By Taylor Paraboschi
Five detainees held at Guantánamo Bay who are suspected organizers of the Sept. 11 terrorist attacks made a controversial decision on Monday, choosing to fully confess to participating in the attacks.
The decision to confess to their supposed involvement in the Sept. 11 attacks came after numerous private discussions among the five detainees. The self-appointed leader of the group, Khalid Shaikh Mohammed told presiding judge, Col. Stephen Henley, at Guantánamo Bay that he and his fellow "brothers" are planning on dropping all previous legal action and moving towards a full plea and execution.
According to University law professor Eric Freedman confessions like these are not unique. "Oftentimes prisoners will fire their lawyer, drop all of their legal motions and make fully informed, counseled decisions to plead guilty," said Freedman.
Freedman is a former legal consultant for detainees at Guantánamo Bay whose job was to provide strategic advice to all legal teams. "My job is to attempt to form the best strategies for the group as a whole," said Freedman.
Freedman added that cases like these demonstrate the problems in these types of trials. "This demonstrates that the entire military concept is a solution in search of a problem." He went on to add that the cases at Guantánamo Bay are special because of many questions that are still left unanswered, such as whether or not the detainees had proper legal counsel or were fully informed of their rights before making their decisions.
"We don't know if they are guilty or not," said Freedman, who added that these particular cases should be transferred out of the military court and into the regular court system. "The tribunal at Guantánamo Bay is tainted," added Freedman. Cases like the present one are just further proof to Freedman of the "complete bankruptcy to invent a new machine for a system that the current one can do better."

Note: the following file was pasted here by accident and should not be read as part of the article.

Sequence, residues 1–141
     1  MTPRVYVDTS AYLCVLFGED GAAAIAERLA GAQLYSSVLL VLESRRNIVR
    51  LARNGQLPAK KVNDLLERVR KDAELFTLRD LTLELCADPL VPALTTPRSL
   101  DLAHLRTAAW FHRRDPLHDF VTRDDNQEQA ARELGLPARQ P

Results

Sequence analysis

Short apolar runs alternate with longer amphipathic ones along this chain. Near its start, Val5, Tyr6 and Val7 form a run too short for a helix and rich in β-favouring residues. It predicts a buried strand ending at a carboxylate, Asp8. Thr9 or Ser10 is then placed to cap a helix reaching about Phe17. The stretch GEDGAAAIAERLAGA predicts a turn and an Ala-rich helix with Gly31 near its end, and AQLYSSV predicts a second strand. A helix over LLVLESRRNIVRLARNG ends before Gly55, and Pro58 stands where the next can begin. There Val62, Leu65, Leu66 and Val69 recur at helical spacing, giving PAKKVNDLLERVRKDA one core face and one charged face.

The detainees decision to plead guilty comes at a crucial time for the United States with the ending of the Bush administration and the beginning of the Obama administration. According to a Dec. 8 New York Times article, the detainees raised suspicion after a few of them said that they would reconsider their statements if execution wasn't granted.
Former State Department lawyer Vijay Padmanabhan told the New York Times this past Monday that the detainees were using their plea as a way to undermine the government and get what they want. "They are trying to ensure their martyrdom in a manner that continues to attack the credibility of the legal system challenging them," said Padmanabhan.
By pleading guilty and receiving the death sentence, the five detainees will receive the glory they had intended to receive when they first organized the Sept. 11 terrorist attacks. Alice Hoagland, whose son was killed in the attacks told the New York Times that she did not think that the five detainees deserved to be treated as a martyrs. "They do not deserve the glory of execution," said Hoagland.